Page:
So, you have built a gorgeous model of your software requirements or architecture? Now what to do with it? Many people look for benefits by automating certain aspects of modelling, like checking or transformation. Although this is an intriguing area with huge potential, IMHO the real killer application of modelling lies in a completely different aspect. From my own experience as a business analyst (BA) in quite a number of IT projects I would say: the killer application of a model in software development is talking about it.
Now, “talking about it” sounds simple at first. However, have you ever tried to discuss your ideas with somebody who has a completely different underlying model of how to think of the situation? Quite often it goes like this: I say “” and two hours later, after an exhausting debate, we find out that “” are actually the same, just seen from a different angle. Sounds familiar? And even if our opinions really are contradictory, we still need a common ground if we are to compare them and argue about them. This is what a common underlying model can provide.
Nowadays, software projects are quite heterogeneously staffed, since, for example, there may be a need to scale up the number of people within a short period, special skills may be temporarily required or the project may be affected by a general reorganization. Thus, professionals with different roles, experiences and schools (of thinking) must find a common ground from which to discuss issues such as the business domain, applications of the technology and how to collaborate. This common ground can range from attaching accepted and meaningful names to objects and relations in the business domain so that they can easily be referred to, through defining appropriate abstraction layers for discussing and deciding on technical architecture, to agreeing on basic notions, such as what is a requirement at all, where does the biz domain model end and the technical architecture start and what are the consequences for project roles and responsibilities. And it doesn’t matter what some book or standard says. In the end, the project itself should decide which concepts or approaches to adopt or to define.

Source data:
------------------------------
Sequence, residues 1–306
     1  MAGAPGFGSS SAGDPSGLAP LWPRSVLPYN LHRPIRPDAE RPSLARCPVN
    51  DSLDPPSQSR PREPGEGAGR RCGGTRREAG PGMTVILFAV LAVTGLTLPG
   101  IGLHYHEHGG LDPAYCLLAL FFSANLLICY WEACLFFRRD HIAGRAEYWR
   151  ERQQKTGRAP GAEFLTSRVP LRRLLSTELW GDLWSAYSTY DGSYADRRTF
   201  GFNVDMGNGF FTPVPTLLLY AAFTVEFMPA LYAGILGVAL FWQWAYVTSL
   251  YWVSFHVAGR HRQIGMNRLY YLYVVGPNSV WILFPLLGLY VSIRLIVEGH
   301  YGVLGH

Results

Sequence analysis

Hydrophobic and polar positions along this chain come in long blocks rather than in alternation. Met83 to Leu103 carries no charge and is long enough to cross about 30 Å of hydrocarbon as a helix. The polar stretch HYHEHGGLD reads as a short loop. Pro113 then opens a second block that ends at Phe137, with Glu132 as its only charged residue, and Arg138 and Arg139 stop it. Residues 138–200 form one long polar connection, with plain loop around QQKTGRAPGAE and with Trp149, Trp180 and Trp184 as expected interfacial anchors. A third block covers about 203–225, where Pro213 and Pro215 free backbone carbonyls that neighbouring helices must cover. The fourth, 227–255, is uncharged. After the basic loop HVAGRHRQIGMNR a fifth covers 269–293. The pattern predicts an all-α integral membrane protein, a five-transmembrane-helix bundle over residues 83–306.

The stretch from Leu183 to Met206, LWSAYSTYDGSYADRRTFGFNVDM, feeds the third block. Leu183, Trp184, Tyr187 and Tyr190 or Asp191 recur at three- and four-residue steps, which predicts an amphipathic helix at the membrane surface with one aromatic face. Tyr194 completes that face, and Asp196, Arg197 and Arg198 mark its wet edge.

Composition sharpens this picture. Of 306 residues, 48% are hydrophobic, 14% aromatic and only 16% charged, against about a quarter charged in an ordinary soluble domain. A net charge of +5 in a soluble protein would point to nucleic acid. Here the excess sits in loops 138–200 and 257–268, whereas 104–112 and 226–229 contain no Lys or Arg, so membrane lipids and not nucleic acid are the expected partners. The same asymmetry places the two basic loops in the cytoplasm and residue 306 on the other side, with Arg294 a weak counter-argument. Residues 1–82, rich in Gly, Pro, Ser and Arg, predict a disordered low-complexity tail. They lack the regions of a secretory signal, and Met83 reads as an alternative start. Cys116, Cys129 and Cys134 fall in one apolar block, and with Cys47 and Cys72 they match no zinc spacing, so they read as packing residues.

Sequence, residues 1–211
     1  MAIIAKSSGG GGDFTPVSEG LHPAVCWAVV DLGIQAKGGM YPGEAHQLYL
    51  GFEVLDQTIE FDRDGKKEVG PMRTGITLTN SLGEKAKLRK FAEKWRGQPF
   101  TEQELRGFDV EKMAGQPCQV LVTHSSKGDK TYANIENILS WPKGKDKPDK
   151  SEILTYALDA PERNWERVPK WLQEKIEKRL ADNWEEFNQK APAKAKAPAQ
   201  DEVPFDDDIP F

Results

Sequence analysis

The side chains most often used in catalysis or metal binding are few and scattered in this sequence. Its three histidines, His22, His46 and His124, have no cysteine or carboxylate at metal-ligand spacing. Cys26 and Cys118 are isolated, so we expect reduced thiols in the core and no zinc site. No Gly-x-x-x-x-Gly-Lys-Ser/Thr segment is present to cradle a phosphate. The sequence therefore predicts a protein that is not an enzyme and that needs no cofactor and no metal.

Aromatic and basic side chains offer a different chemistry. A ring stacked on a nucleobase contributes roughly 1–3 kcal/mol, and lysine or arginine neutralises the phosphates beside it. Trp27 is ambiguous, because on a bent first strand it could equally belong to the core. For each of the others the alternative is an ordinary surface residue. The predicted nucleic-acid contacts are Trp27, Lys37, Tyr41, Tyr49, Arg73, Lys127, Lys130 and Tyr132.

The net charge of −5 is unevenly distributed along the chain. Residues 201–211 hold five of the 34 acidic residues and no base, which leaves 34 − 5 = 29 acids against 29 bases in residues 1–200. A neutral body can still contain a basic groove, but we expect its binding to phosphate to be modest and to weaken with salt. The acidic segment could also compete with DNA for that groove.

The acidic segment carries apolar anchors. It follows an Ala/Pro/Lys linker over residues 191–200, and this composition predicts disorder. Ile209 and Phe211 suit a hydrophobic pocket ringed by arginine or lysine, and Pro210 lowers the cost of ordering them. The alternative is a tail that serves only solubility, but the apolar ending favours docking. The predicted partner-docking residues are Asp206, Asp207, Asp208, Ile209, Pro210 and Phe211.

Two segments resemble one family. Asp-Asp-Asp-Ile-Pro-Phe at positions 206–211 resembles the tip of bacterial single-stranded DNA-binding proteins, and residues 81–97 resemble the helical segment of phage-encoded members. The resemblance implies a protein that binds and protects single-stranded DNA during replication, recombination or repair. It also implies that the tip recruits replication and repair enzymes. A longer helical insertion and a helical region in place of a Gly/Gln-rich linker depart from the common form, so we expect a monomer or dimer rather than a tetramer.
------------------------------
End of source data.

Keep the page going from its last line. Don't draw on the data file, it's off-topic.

Despite the fact that models of requirements, architectures or the software development process itself can be of great use, the way these models are actually used in software projects varies largely. It ranges from horror scenarios, like posterior documentation or ending up in some abandoned folder, to highly beneficial usages forming a basis for common understanding, debate and decisions, where people really “speak model”.
So, there’s a lot to find out, like:
1. One size doesn’t fit all: classifications of model users
2. Thinking about “talking about it”: classification of communication/ collaboration scenarios involving models
3. How can we tell good models from bad models (for communication purposes)?
4. How fit are current modelling languages for the above scenarios, and how could they be improved?
5. How can we make software development people really adopt a model-based collaboration?